August 13, 2011
Five years ago, seven-year-old Connor Adams was diagnosed with Global Dyspraxia and told that he would never ride a bike, drive or have any sense of balance. Connor decided to go to Shining Hope Farms. Now, after five years of rehabilitation, twelve-year-old Connor is riding horses, riding a bike and driving his family tractor all on his own.
Shining Hope Farms helps the needs of many young children just like Connor using Therapeutic Horseback Riding. Their programs are structured to best serve individuals with Cerebral Palsy, Autism, Downís Syndrome, Developmental Disabilities, Brain Injuries, Hypotomia and a large array other disabilities.
Enter the Charlotte Bobcats. Through the Cats Care initiative, the Bobcats continuously strive to get more involved in the Charlotte community and Shining Hope Farms was the perfect candidate.
With the Bobcats season ticket holders wanting to get more involved in the community, Bobcats Senior Advisor of Community Relations Carl Scheer knew it was the right fit.
"We heard from polling our season ticket holders that this is what they wanted to do," he said. "They want to get to meet our staff and they want to do good things with us. They heard about what the Bobcats have done over the last few years in the community and they want to be part of it. So I donít think thereís a better way to communicate then to work toward a common goal for something thatís important to the city."
As a season ticket holder, Jack Hill appreciates the opportunity the Bobcats are giving him.
"I know from my other volunteer work that more and more efforts are needed in things like this," he said. "Itís really great that the Bobcats can help organize and support this. We got a great turnout today and weíre getting a lot of work done."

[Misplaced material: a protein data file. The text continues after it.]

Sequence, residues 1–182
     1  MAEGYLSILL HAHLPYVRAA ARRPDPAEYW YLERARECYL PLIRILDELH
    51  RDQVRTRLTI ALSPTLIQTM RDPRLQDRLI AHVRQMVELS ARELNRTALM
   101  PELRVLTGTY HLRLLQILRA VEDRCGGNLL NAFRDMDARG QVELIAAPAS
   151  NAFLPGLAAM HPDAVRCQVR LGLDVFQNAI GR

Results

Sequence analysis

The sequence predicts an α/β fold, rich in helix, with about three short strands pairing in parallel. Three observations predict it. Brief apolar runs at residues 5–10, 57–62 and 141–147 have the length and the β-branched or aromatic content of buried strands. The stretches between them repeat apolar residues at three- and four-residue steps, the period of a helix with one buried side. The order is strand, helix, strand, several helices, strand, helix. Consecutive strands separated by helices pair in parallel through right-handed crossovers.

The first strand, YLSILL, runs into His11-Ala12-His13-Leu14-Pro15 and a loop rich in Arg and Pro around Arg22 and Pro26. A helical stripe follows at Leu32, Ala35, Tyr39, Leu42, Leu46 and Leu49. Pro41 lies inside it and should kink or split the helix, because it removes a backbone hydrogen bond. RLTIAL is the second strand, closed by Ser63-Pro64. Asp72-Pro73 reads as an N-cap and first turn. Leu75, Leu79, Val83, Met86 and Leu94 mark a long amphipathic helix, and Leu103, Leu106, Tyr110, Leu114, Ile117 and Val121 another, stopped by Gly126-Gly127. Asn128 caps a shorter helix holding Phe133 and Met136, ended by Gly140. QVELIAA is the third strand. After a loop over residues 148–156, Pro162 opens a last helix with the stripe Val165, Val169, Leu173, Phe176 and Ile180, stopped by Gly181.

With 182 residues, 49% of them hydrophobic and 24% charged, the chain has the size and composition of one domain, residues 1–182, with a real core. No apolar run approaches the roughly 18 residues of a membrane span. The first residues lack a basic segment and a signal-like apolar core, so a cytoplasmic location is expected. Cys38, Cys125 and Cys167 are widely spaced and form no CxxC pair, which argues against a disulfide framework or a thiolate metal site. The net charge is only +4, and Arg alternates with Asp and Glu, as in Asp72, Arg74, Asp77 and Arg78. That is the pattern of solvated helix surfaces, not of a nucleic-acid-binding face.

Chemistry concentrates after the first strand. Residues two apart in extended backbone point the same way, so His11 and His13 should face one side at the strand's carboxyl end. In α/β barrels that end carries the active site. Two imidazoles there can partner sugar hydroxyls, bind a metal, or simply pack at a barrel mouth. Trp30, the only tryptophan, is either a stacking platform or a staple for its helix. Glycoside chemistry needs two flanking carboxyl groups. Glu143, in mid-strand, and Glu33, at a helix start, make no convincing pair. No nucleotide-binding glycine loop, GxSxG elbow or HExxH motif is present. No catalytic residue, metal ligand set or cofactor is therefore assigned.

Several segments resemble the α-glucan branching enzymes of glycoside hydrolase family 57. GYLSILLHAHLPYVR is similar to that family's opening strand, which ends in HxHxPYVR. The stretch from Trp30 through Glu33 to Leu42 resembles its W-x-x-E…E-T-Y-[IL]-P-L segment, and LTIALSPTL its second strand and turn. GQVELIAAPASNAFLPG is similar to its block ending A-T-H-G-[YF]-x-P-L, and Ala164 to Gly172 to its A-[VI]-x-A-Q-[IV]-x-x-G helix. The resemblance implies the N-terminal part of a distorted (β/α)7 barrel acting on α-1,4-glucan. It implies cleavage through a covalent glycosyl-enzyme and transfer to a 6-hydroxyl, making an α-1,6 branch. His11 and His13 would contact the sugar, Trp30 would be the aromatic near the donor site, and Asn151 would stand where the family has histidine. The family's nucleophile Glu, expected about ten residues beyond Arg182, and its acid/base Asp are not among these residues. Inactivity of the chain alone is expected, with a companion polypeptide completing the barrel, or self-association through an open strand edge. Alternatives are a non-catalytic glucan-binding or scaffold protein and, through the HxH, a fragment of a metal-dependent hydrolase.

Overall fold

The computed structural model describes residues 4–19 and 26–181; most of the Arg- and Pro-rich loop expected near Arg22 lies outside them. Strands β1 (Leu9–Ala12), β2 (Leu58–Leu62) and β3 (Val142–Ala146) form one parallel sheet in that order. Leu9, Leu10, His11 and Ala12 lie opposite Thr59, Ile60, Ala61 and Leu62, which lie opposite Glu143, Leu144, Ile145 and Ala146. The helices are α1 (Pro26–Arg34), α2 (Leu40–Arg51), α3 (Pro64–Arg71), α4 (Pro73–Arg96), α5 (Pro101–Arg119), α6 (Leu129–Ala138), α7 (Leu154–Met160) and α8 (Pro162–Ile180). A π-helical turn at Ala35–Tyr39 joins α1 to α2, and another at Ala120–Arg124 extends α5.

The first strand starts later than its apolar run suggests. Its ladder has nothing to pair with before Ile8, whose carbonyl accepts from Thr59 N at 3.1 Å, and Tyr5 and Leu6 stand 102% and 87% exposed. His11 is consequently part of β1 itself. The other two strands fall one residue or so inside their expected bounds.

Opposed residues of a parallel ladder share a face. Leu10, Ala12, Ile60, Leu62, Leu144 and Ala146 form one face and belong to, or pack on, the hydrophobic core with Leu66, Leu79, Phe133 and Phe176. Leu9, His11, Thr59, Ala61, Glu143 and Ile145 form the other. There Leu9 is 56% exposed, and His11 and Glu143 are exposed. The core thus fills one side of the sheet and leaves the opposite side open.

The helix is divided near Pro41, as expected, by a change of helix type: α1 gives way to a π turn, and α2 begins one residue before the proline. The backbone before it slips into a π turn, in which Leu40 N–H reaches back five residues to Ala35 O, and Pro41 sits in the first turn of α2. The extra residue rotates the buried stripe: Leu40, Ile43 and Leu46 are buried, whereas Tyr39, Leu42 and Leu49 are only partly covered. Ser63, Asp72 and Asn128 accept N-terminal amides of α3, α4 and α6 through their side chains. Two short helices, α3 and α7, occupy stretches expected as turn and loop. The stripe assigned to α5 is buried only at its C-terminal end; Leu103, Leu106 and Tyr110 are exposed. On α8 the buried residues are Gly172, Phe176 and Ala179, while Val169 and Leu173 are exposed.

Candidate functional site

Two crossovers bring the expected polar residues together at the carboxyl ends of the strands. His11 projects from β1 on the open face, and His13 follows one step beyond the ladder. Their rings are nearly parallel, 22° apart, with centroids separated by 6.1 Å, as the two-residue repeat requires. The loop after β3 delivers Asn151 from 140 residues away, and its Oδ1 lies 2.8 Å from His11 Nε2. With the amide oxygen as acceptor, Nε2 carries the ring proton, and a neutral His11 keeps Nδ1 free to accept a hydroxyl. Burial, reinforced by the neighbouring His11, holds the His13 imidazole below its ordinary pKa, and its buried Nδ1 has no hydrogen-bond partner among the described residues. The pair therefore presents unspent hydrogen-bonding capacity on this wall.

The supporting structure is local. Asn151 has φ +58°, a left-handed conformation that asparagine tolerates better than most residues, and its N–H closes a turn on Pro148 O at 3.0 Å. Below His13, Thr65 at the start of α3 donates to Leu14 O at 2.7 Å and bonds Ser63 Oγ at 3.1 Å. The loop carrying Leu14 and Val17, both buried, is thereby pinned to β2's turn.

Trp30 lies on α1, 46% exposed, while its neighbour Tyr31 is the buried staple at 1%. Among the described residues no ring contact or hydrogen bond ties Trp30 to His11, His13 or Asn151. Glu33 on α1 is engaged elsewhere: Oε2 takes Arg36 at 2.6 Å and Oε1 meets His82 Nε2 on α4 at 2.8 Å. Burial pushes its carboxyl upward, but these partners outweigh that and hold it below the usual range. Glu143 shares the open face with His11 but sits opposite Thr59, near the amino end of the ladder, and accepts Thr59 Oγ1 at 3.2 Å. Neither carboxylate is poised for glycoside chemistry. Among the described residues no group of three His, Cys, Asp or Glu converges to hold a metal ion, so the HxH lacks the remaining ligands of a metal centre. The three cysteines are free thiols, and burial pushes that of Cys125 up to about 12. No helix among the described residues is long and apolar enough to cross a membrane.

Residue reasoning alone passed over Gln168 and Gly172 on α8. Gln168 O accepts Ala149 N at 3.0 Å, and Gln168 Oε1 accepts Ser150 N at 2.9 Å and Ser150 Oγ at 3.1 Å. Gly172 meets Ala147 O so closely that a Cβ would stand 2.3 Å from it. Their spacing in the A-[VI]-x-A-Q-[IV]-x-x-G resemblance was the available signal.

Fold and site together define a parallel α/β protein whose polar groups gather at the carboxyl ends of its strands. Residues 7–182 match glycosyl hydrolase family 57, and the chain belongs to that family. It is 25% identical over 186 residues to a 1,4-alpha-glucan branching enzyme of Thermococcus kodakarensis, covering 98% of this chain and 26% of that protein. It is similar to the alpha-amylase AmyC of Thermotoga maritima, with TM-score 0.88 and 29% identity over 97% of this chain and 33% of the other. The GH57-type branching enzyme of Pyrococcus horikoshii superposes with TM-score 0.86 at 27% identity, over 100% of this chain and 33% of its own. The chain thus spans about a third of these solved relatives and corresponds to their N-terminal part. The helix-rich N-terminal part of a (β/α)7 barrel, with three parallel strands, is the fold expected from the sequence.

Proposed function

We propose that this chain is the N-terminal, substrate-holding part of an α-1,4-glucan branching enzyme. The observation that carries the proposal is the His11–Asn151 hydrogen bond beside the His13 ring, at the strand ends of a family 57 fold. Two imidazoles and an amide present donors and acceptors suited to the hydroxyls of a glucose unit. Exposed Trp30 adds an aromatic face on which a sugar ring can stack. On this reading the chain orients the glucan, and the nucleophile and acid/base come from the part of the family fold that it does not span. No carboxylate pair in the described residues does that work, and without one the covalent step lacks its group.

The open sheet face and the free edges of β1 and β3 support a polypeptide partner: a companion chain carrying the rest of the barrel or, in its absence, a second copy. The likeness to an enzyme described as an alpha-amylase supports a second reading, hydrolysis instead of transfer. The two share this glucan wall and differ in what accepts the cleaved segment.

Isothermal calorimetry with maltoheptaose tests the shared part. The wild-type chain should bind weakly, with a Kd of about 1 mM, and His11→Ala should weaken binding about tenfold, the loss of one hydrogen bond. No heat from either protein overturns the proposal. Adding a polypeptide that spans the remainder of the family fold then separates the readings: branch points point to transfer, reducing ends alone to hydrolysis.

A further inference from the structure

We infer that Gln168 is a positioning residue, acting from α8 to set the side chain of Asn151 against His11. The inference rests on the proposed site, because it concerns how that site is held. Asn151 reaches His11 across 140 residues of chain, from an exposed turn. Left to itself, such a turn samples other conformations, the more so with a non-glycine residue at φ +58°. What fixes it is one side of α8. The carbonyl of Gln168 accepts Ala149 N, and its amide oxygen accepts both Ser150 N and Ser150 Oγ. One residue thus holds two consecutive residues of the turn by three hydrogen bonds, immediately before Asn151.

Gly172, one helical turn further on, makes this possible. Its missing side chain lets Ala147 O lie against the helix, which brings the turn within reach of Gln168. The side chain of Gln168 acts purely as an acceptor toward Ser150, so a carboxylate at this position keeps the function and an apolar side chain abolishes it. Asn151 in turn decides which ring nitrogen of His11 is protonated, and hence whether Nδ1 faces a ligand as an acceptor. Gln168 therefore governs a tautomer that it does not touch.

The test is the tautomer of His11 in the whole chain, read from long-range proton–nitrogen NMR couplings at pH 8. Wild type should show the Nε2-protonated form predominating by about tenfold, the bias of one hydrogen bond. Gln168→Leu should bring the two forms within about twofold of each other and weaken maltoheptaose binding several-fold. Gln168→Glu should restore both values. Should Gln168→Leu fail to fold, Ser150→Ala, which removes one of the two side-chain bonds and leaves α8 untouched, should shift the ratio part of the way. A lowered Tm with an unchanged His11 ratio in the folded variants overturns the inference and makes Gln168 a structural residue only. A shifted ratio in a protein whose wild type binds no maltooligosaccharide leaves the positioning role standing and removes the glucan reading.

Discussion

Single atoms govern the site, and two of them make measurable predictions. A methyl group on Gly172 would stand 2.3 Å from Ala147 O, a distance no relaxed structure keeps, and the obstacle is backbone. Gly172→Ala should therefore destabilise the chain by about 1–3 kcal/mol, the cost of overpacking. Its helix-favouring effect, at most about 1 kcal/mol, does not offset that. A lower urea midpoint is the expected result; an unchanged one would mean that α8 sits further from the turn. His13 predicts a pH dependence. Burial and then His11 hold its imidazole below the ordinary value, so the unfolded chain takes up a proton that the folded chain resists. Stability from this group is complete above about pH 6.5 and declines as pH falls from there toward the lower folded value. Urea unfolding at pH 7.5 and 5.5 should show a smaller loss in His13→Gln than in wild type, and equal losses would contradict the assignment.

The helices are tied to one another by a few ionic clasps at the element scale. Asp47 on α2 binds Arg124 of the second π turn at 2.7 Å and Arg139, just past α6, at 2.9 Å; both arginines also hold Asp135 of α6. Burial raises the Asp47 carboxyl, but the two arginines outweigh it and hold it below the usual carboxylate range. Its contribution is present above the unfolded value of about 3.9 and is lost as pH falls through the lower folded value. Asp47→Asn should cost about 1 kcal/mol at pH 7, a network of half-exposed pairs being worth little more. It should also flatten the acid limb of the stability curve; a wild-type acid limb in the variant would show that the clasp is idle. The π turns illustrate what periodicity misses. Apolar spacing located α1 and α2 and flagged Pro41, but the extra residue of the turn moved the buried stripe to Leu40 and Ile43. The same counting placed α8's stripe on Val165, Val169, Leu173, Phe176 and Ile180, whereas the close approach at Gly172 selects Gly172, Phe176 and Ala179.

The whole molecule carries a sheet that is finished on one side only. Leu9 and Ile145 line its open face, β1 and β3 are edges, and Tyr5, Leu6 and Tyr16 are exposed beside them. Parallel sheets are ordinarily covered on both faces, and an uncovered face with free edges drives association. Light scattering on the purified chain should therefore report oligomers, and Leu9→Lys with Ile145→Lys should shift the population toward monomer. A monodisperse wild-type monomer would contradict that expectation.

Mij Adams, Connorís mother, could see the benefits first hand on how positively it will affect her son along with the other children that come to Shining Hope Farms.
"I think the fact that everyone has come out here to help today is amazing," she glowed. "It takes a lot of work to run a farm like this and makes it possible for kids like Connor to come to shining hope farms."
Executive Director of Shining Hope Farms, Milinda Kirkpatrick, truly appreciates all the help that Bobcats have given to the farm and knows how valuable the help is for them.
"About 94 percent of our participants are Medicaid recipients, so we donít charge an additional fee for use of the horse for the therapy service which means they can access the program free of charge but the only way we are able to do that and not charge a fee is to have groups like this come out and help us with the labor and the special projects," she explained. "This keeps our maintenance and manual labor costs down. We just thank the Bobcats immensely for coming in and selecting us to come to this day and we are grateful and appreciative."
Whatís next for the Charlotte Bobcats? Carl Sheer states, "...from Michael Jordan on down, we want to get involved, be part of this community, get out of the building, be relevant in good deeds, and as we go forward I think we will see more of it."